If songwriters are born not made, then Miranda Lambert was born with just a little extra. Her voice can be as soft as the sunsets in her native Texas … and it can also be just as big.
“Ever since I started out, I just was a little left-of-center, always, like, of whatever was kind of popular at the time,” Lambert told correspondent Lee Cowan. “I had my own style, and sometimes it didn’t fit in that lane that was the fast track. It made my road longer at certain times in my career.”
I’ve seen El Paso when the sky was on fire
Lost a night in Juarez a couple of times
Danced with a cowboy on a straight tequila high
I wish I was in his arms tonight.
It’s hard to argue with the trail she’s ridden. Lambert has won more Country Music Awards than other woman, topping it all off in March with the biggest prize: the Academy of Country Music’s 2022 Entertainer of the Year Award – only the ninth woman to ever receive that honor. In accepting the award she said, “This one goes out to all the singer-songwriter girls out there that are putting their blood, sweat and tears into their guitar strings. We did it! This is for us!”
She told Cowan, “Every time I go to make a new record or write a new song, I want to try to write a better song than I wrote last time, but also stay really true to the truth. Because that’s how I got here.”
“Does it change the way you approach music?” asked Cowan.
“I think it has. I also think just, in general like, I came out with, like, guns blazing, ‘Kerosene,’ all this energy and this, like, feistiness.”
Well, I’m givin’ up on love ’cause loves given up on me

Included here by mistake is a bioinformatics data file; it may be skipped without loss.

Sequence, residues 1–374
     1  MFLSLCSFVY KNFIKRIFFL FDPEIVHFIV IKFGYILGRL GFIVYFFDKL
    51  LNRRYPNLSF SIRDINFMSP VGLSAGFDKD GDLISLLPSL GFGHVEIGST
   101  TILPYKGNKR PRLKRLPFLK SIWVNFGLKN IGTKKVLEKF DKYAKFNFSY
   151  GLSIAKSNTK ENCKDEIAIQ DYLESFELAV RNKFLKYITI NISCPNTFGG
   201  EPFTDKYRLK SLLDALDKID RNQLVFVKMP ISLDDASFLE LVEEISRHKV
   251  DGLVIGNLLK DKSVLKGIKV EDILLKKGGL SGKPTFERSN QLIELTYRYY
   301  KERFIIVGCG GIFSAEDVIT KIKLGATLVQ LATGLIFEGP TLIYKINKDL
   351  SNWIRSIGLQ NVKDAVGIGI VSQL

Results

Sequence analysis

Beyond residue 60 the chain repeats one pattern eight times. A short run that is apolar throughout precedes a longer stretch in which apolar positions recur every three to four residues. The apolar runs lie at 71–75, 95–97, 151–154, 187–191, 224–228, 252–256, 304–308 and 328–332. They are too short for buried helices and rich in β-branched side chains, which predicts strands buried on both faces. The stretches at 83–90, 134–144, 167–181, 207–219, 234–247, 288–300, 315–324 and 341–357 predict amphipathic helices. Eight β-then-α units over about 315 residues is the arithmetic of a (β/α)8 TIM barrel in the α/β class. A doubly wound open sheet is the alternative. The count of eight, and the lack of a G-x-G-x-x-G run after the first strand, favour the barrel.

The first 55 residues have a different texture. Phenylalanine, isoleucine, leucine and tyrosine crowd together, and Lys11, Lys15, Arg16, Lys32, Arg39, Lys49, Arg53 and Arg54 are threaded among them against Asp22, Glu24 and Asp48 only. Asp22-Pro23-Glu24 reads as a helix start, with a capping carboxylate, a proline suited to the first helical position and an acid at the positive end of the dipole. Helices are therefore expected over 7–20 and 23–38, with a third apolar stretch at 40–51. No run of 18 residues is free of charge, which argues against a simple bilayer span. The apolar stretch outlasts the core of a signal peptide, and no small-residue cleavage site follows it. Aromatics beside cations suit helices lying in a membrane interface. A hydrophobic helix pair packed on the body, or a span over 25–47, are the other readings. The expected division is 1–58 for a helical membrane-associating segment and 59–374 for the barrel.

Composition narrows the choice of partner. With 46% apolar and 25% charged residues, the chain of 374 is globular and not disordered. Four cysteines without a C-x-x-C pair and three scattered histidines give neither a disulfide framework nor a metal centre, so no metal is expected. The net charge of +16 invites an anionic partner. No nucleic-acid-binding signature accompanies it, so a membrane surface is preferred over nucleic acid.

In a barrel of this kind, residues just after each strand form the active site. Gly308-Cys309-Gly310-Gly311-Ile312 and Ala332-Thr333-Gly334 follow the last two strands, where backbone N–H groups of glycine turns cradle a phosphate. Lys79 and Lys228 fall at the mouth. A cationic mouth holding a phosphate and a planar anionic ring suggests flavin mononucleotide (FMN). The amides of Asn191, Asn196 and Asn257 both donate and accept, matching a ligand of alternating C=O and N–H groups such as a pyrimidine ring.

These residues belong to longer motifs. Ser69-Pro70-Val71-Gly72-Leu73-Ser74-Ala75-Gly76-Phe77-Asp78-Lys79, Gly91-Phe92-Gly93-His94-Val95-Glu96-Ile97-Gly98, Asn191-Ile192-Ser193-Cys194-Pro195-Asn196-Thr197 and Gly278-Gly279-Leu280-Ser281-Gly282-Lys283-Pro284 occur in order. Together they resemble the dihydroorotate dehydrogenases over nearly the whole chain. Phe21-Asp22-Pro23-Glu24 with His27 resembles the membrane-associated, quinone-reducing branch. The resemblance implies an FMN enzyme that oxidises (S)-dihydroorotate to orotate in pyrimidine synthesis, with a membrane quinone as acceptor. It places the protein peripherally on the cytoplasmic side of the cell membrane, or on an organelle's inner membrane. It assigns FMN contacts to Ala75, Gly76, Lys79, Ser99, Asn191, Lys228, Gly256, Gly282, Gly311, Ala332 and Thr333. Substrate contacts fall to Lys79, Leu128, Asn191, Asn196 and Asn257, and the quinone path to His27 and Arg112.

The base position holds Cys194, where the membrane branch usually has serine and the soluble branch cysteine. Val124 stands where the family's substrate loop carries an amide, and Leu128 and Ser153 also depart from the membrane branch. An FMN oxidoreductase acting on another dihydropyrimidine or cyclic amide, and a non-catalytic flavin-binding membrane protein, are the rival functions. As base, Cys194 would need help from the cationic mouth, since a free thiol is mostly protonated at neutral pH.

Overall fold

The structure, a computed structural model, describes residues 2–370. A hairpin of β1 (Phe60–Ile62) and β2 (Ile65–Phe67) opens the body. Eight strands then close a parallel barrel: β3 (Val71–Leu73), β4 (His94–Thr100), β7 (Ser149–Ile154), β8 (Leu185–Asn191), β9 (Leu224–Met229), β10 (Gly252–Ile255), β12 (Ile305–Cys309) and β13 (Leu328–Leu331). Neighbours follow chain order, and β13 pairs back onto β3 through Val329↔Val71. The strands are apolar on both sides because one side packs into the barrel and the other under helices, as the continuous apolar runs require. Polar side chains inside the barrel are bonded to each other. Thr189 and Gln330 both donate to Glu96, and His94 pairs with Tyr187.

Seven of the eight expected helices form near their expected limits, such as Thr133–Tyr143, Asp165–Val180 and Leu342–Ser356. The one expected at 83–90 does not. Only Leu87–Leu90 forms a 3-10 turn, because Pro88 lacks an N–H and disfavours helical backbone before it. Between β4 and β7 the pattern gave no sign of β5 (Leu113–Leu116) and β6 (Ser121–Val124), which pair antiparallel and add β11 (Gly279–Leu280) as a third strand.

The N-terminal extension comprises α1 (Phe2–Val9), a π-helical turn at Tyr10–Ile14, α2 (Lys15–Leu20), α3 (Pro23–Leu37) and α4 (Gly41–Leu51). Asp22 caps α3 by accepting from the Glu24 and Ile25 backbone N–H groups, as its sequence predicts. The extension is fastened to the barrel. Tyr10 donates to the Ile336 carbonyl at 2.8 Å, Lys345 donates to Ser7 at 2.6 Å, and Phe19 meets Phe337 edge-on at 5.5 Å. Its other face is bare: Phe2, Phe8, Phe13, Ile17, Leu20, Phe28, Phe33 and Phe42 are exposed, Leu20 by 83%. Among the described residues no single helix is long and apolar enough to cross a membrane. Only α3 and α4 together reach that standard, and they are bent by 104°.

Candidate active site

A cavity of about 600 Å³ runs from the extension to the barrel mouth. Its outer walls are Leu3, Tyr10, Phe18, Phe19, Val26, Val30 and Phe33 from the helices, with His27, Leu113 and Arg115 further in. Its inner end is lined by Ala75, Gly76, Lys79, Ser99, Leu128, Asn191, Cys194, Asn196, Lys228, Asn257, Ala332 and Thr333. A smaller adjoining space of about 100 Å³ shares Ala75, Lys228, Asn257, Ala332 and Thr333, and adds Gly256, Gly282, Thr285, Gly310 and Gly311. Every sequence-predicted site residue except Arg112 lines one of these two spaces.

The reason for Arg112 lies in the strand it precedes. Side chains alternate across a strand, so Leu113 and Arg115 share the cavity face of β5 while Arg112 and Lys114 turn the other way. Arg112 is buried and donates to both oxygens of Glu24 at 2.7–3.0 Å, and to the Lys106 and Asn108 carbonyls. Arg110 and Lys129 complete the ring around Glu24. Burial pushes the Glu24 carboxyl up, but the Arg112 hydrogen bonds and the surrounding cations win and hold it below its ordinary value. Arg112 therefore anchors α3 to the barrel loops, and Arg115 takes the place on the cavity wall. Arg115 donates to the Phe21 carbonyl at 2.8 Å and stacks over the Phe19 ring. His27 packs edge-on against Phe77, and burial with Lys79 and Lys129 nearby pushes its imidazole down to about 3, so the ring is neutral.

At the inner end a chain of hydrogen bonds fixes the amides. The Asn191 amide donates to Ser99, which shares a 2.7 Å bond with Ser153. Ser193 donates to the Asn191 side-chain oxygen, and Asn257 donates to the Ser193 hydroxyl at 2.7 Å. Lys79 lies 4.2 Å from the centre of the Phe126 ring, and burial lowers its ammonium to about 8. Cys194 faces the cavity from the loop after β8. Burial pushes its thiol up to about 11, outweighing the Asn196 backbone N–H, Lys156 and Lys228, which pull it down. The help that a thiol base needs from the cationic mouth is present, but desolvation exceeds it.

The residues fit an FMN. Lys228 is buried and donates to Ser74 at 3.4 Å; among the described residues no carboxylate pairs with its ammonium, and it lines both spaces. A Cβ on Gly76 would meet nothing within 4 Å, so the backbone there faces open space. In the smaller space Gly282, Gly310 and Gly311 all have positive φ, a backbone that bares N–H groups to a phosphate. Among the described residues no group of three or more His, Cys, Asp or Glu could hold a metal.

Now I don’t hate the one who left
You can’t hate someone who’s dead
He’s out there holdin’ on to someone
I’m holding up my smokin’ gun
“I still have all of that, but I just don’t have to be as loud about it and do it as often, you know?” she laughed.
Her music isn’t the only place where Lambert is putting her uniquely country stamp on things. She’s opened her own restaurant in downtown Nashville, Casa Rosa, with a decidedly feminine flair.
Before, she said, “It was very dude-ish.” Now, there is a lot of pink. But if you think that’s too girly to attract real cowboys, consider this: “If the guys are smart, they’ll realize this is where the girls are,” Lambert said. “The first week it was like 90% women. I’m like, they’ll figure it out soon enough!”
She’s got a unique enough look that she’s also launched her own brand of western wear. Her brand is called Idyllwind, named after her very first horse, Ellie Idyllwind. “I started riding at 30, and I’d never really ridden before,” she said. “So, I named it after her, because it was, like, about taking chances and being who you are.”
“Sunday Morning” first met Miranda Lambert (and that first horse, Ellie) back in 2014. She said of riding, “I have eaten dirt a couple of times. So, that was fun. That’s how you learn right? Get back on, try again.”
It wasn’t the best of times for Lambert; the tabloids were full of rumors about what would be the eventual end to her high-wattage marriage to fellow country superstar Blake Shelton.
“I wasn’t prepared for that,” she said.
“I don’t think anybody is,” said Cowan.